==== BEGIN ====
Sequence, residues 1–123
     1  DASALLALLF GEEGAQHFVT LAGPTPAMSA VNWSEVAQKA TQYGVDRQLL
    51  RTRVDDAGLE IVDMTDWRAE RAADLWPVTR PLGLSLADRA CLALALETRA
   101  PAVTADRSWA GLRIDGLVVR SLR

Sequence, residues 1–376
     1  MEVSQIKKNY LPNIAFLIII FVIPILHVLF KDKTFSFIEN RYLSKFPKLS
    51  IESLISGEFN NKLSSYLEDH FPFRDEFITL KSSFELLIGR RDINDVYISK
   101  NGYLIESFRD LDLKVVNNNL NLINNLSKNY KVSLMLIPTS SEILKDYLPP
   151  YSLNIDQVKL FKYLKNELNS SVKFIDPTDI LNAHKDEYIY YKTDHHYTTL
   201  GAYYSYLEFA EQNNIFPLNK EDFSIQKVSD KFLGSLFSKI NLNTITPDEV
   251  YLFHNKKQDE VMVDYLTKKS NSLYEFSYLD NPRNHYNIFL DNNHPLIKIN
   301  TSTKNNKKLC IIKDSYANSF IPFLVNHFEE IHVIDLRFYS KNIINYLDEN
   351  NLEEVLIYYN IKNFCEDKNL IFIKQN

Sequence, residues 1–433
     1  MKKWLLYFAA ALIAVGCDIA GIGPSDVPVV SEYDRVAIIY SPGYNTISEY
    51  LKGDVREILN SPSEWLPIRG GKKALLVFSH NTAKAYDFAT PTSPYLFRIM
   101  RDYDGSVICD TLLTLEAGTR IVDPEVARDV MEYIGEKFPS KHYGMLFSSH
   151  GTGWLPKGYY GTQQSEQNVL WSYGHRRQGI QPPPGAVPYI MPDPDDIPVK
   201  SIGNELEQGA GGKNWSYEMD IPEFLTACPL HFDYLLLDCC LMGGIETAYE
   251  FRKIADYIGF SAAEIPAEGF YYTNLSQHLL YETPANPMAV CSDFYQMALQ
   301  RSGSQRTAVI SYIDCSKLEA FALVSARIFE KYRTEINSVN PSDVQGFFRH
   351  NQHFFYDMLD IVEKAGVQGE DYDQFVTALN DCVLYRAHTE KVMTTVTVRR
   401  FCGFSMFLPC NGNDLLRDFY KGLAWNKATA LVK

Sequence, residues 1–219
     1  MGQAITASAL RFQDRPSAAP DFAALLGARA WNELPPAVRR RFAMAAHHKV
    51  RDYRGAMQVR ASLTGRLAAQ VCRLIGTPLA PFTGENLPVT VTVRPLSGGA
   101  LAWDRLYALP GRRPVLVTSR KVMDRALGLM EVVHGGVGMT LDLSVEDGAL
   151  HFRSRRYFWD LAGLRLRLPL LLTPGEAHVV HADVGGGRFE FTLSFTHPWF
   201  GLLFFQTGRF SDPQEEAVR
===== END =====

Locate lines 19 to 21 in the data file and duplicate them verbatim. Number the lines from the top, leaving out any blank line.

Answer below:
   201  SIGNELEQGA GGKNWSYEMD IPEFLTACPL HFDYLLLDCC LMGGIETAYE
   251  FRKIADYIGF SAAEIPAEGF YYTNLSQHLL YETPANPMAV CSDFYQMALQ
   301  RSGSQRTAVI SYIDCSKLEA FALVSARIFE KYRTEINSVN PSDVQGFFRH